Review: Mr Renoir
Luis Bunuel, a Spanish born Mexican film maker, is the father of cinematic Surrealism and well respected within World Cinema. In addition to one of his masterpieces Belle De Jour (previously reviewed here) StudioCanal have released a new boxset that includes six more of his films, each on BluRay. Each disc includes numerous extras, so this set is a real treasure for any cinephile. I will attempt to summarise this very complex period in his film making.
Diary of a Chambermaid (1964)
1963 started a new period in Bunuel’s career with his move to France where he then made the majority of his films. The bourgeoisie had always been a favourite target of Bunuel in his films. Here, in 1930s France, they are portrayed as not doing a great deal, outside of shooting the odd butterfly, throwing stones or wandering around their large estate removed from the real world. Jeanne Moreau plays the beautiful Celestine, a domestic hand that defies ‘slave and master’ to get dragged into a scandal with her employer (played by Bunuel regular Michel Piccoli). She doesn’t belong in either class, the city or the countryside. Add to the story a barbaric murder, a continuing troubled Celestine and a sneak preview of the decline of Europe, we have a very intelligent film. The film isolates us, removes all hope, but still manages to stimulate. The luxurious black and white cinematography, from the opening images from the train to the bleak ending, look stunning in comparison to my previous DVD disc. This is another masterpiece from Luis Bunuel that sets the bar very high for the rest of the boxset.
The Milky Way (1969)
This is a very unusual film where Bunuel tackles religion in what appears to be an attack on the Catholic Church. The basis of the story is a pilgrimage to Santiago. The journey from France to Spain appears to go through different periods in time and history. We meet a dwarf, Jesus Christ himself with the Virgin Mary, a duel in the 17th Century and witness a crash involving a shiny white Citroen 2CV. At one point we see an empty city without cars, but earlier we see a busy dual- carriageway in what looks like contemporary times. It’s very unusual!
We follow two pilgrims that meet many other fascinating characters on their journey, including a priest who is on the run afyer escaping from a mental institution. It is my first time of viewing this complex comedy, but I really need more time to analyse it. Is Bunuel attempting to solve the mysteries of Christianity? Or is he just mocking religion? It may well be another Luis Buñuel masterpiece, but it’s certainly a film that we all need to experience more than once.
Tristana is recognised as Bunuel’s ‘most Spanish’ work and is beautifully photographed, so it comes as a very welcome BluRay release. Bunuel’s recurrent theme of unconscious desire, plus his favourite actress Catherine Deneuve, starring as the beautiful orphan, are familiar to us. The characters are all engaging and the ending is classic Bunuel. The strength of many of his films is the way they ‘feel’ and this film is a very a good example of just this. I am not sure why, but it is mesmerising cinema.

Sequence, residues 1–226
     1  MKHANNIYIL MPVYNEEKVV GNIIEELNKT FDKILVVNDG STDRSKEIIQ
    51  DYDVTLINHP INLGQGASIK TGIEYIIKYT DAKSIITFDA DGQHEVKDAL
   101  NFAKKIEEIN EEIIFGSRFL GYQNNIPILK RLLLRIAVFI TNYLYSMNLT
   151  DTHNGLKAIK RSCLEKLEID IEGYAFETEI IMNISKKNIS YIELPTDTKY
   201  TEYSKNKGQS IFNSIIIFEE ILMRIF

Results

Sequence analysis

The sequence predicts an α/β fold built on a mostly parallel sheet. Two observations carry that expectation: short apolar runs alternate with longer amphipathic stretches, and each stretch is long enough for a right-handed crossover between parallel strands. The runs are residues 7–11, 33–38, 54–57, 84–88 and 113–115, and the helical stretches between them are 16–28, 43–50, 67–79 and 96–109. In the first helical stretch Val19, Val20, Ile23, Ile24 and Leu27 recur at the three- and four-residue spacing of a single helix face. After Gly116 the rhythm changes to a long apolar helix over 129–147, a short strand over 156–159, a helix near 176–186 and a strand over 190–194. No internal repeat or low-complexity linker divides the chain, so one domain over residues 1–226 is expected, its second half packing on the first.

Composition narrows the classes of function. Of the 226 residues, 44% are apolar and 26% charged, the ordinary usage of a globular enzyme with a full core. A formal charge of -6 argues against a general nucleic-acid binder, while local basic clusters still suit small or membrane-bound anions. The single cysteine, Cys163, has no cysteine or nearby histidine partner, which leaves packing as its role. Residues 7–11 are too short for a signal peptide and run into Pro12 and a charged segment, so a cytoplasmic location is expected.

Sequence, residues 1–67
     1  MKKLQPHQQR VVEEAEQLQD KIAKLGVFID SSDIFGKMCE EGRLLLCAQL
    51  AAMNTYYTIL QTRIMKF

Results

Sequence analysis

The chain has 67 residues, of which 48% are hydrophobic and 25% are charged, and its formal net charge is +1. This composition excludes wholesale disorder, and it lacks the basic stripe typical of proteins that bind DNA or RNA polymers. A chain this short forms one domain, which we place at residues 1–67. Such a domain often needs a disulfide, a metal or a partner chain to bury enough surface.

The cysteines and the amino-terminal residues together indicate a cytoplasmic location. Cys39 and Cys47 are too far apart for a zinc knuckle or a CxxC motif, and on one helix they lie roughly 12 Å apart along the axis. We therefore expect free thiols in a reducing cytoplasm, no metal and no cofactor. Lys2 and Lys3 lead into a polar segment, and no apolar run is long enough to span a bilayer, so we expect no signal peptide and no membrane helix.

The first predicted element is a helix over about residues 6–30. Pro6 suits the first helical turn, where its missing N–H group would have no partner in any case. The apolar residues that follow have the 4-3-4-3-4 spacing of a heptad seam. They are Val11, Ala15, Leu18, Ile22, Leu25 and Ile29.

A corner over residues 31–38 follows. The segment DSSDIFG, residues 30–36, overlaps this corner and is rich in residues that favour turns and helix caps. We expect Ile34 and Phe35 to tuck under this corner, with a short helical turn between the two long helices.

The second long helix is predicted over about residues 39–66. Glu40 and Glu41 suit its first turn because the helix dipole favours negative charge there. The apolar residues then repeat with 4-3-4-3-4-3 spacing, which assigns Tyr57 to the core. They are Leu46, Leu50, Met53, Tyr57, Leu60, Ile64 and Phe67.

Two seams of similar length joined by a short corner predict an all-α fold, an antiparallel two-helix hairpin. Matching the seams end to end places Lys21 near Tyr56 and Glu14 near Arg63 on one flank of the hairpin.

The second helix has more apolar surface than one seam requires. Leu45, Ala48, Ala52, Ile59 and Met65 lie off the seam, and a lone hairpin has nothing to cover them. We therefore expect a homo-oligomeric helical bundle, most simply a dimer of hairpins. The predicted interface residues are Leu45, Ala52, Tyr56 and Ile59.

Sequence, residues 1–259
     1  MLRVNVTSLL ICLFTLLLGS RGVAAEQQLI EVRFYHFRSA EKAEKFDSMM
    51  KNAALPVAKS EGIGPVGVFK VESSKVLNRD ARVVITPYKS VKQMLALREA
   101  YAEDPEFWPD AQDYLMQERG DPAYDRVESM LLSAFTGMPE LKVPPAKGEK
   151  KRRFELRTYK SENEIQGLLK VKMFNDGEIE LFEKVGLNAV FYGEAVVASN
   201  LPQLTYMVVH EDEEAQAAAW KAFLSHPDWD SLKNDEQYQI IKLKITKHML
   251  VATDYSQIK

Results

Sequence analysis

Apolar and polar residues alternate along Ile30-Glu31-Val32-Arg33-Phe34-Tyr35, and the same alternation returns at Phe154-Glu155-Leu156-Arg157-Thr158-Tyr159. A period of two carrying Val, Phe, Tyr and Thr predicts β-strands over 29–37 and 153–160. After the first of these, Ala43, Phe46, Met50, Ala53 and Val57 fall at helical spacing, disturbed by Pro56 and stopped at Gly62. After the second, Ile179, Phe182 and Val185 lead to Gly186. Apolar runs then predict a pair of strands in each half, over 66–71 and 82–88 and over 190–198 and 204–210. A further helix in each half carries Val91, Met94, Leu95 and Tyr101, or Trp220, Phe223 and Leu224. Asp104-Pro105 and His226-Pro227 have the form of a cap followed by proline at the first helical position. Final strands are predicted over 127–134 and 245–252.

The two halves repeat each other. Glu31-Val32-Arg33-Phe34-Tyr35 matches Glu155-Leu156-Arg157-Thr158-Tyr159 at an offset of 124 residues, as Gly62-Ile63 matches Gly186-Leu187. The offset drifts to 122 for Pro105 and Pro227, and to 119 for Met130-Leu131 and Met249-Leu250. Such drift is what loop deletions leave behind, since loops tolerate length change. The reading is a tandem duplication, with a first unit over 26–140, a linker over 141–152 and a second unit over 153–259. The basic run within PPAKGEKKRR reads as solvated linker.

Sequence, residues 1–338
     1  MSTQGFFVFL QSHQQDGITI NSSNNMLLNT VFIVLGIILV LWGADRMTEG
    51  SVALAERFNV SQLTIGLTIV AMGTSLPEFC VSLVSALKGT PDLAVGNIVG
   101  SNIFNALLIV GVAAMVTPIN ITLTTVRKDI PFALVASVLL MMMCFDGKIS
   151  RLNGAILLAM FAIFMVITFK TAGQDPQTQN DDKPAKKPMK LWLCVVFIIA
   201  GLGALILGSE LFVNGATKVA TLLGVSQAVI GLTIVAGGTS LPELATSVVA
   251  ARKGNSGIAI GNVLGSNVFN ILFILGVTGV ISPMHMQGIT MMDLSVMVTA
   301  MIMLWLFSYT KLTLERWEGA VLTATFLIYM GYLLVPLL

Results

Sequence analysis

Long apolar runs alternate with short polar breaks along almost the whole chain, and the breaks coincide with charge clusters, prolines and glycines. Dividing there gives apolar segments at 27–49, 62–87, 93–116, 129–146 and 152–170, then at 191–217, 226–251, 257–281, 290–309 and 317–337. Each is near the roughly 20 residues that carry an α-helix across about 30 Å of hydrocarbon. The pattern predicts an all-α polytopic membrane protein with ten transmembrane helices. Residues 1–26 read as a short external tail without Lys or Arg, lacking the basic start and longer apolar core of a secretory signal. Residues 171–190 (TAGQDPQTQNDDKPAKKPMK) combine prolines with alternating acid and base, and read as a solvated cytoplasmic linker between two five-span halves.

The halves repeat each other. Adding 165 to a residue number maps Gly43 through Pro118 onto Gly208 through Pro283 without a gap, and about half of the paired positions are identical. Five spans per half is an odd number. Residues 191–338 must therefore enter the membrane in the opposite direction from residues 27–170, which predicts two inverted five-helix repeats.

The Discreet Charm of the Bourgeoise (1972)
One of Bunuel’s liveliest films and hugely influential over the last 45 years of World Cinema. It is an extraordinary surreal ‘comedy’ that again includes the characteristic Bunuel themes of the bourgeoisie, desire, death and authority.
The story starts with guests arriving at a dinner party 24 hours too early, but then things escalate after arriving at a restaurant where the proprietor is lying dead in an adjoining room. The dream sequences are one of the most complex in all of Bunuel’s films. These fantasies, or sometimes dreams within dreams, question our interpretation which is of course is Bunuel’s signature. The cryptic ending has the guests walking along a country lane. It is very thought provoking and it’s impact is a final opportunity to analyse exactly what Bunuel is saying in this film.
The Discreet Charm of the Bourgeoise is undeniably a satiric masterpiece that will only improve with multiple viewing. The extras on this disc include a superb analysis by Professor Peter W. Evans that will only help you to enjoy his work.
The Phantom of Liberty (1974)
Luis Bunuel’s ‘kinkiest comedy’ continues his usual themes. Bourgeois convention is demolished with ostriches walking across bedrooms, poker playing monks, dancing policemen and toilet bowls replacing dinning room chairs. It is utterly fascinating, but perhaps a little too Monty Python for me. There is a missing girl that isn’t missing which is simply brilliant, but even a brief appearance of my favourite actress Monica Vitti doesn’t get this film to the same level as the other films in this set.
The extra are again extensive and include an enlightening critical analysis by Professor Peter W. Evans. He manages to add doubt to my negative opinion by discussing communism, the attack on liberty, sadomasochism and the aesthetics of the unconsciousness. The entire film feels like a dream. Perhaps I didn’t even watch it.
That Obscure Object of Desire (1977)
Bunuel revisits eroticism and explores the darker side of desire in his final film. Regular actor Fernando Rey plays widower Mathieu who recalls his story in a train carriage to a very mixed group of strangers. His story of tortured lust for the younger and beautiful Conchita is a surreal tale of cat and mouse. The sexual tensions build and eventually explode into violence. Or perhaps not, as these flashbacks may or may not have occurred. The ending is classic Luis Bunuel and a fitting final curtain on a magnificent career. World Cinema would be weaker without his 40 film contribution. A visionary director, a true auteur and some of his best films can be found here in stunning HD.
Luis Bunuel The Essential Collection is available now. Buy it here.